HOGA KUSTEN, Sweden - When visiting Sweden for the launch of Volvo's new 16.1-litre D16C engine and FH16 truck, Truck News had the chance to test drive several configurations to evaluate the new engin...
610 HORSES: Climbing hills was easy with Volvo's D16C.
HOGA KUSTEN, Sweden – When visiting Sweden for the launch of Volvo’s new 16.1-litre D16C engine and FH16 truck, Truck News had the chance to test drive several configurations to evaluate the new engine first-hand.
Volvo officials mapped out a scenic route along Sweden’s High Coast, which combined long uphill grades and shorter, steeper hills interspersed along relatively smooth sections of highway. The hills are the result of a three-kilometre thick ice blanket that covered the region some 20,000 years ago. Now, the hilly terrain is notorious among European truckers for its tough climbs, making it an ideal testing ground for the FH16 truck and D16C engine.
Volvo says the FH16 is the safest, most comfortable and most powerful truck it has ever built.
Even though the FH16 truck won’t be introduced in North America (it’s a cab-over design with limited applications in Canada and the U.S.), it was an excellent opportunity to test the new D16C engine, which will eventually be sold in Canada. Cab-overs remain the truck of choice in Europe, largely because length rather than weight restrictions remain the favored enforcement method there.
Five FH16s were made available to trade journalists from around the world, and I had a chance to drive each of them. Here are the spec’s on the trucks I drove: (1) an FH16-610 Globetrotter featuring the 610-hp D16C engine in a 6×4 rigid configuration hauling 60 tonnes of timber with an overall truck and trailer length of 24 metres; (2) an FH16-550 Globetrotter equipped with the 550-hp D16C, 6×2 rigid, hauling 60 tonnes; (3) an FH16-610 Globetrotter XL, 610-hp engine, 6×2 rigid configuration hauling 60 tonnes of cement blocks with an overall length of 25.25 metres; (4) an FH16-550 Globetrotter XL, 6×2 tractor with 40 tonnes of weight and an overall length of 16.5 metres; and (5) an FH16-610, 610 hp Globetrotter XL 4×2 tractor pulling 40 tonnes with an overall length of 16.5 metres.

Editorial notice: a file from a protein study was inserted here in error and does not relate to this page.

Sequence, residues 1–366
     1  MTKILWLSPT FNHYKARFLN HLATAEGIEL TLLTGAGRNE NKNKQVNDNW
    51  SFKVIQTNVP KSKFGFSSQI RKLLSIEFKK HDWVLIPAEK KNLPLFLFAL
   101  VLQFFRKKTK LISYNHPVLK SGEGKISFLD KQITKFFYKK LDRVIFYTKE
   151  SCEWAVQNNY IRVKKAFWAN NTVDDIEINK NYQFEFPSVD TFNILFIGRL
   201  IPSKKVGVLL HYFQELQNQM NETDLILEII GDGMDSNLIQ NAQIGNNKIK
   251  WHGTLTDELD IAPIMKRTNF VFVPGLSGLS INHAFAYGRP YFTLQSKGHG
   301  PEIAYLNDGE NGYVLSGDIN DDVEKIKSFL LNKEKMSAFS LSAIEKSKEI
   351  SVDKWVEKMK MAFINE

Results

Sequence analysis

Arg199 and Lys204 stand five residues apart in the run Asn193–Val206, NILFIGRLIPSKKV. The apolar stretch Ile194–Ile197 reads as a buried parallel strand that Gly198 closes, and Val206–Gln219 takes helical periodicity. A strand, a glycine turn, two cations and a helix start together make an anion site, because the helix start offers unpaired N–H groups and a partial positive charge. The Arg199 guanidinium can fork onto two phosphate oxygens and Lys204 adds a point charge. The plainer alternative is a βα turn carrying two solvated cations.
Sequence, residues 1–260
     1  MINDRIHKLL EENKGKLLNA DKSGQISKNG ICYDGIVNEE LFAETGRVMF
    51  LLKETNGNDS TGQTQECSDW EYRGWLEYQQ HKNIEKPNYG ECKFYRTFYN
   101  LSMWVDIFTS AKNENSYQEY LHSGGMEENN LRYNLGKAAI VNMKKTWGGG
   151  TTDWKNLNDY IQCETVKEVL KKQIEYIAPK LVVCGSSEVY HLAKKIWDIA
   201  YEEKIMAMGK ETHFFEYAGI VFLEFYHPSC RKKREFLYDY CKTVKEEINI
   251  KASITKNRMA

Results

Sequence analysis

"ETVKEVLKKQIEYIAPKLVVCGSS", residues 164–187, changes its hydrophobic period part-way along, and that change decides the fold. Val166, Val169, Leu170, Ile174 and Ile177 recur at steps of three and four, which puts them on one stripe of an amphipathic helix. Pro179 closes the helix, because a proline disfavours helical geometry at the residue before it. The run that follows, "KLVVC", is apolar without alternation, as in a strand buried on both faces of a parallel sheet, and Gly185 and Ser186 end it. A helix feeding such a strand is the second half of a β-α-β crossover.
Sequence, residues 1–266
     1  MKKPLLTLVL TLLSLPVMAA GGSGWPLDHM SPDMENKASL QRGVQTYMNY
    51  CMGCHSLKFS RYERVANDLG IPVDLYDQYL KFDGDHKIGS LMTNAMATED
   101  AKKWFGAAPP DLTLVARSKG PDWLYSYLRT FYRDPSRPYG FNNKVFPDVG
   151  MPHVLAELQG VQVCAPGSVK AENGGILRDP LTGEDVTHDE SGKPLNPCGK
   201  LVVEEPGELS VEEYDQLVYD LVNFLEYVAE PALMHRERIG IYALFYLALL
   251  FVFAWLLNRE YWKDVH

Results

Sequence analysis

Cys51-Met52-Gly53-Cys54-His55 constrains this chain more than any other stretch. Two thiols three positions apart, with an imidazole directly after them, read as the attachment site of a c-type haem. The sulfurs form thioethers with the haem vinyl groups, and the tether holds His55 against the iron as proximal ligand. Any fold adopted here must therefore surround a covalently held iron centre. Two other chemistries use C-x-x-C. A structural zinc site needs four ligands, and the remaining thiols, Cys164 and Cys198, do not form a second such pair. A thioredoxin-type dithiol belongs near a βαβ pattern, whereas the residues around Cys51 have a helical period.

One of the most interesting spec’s on each of the trucks was Volvo’s own 12-speed synchronized transmission, which isn’t available in North America. Although it’s questionable whether the tranny would catch on with North American drivers, it is a very user-friendly transmission, and virtually anyone adept at operating a manual transmission passenger car could shift gears on the FH16 with relative ease.
Missing a gear is difficult, which is especially handy for truckers who are inexperienced in driving on large hills.
As promised by Volvo designers, one of the most noticeable attributes of the new engine is its quietness – both in and out of the cab.
The sound of the tires on the pavement practically drowned out the sound of the engine, even though it was sitting just inches below my feet. The patented Volvo Engine Brake (VEB) was also extremely quiet when activated. It was also extremely effective in slowing the truck down, even with 60-tonnes behind us.
Even while pulling 60-tonnes with the 550-hp D16C, there was never any trouble getting up the longest and steepest hills we encountered on our route, as long as the engine was operated in its optimum range. The engine didn’t overheat during uphill climbs, but the extra 60 hp offered by the D16C-610 was a welcomed addition on the hills.
In Europe, all trucks are governed to 90 km-h, and this speed was easy to maintain on all but the steeper hill climbs.
Volvo engineers designed the engine to allow it to work within its optimum RPM range at this speed, delivering improved fuel mileage as well.
The powerful VEB, which delivers 510 hp of stopping power, made it unnecessary to use the service brakes most of the time, but when I did use them the increased efficiency of air disc brakes (standard equipment on European trucks) was evident.
The truck itself handled well, despite the gusty winds that swept across the coastal highway. The 60-tonne loads were practically immune to any wind gusts while they were more noticeable in the 40-tonne configurations.
When it comes to North America, Volvo’s most powerful engine will likely be a popular choice for Canadian fleets and owner/operators hauling through hilly parts of the country.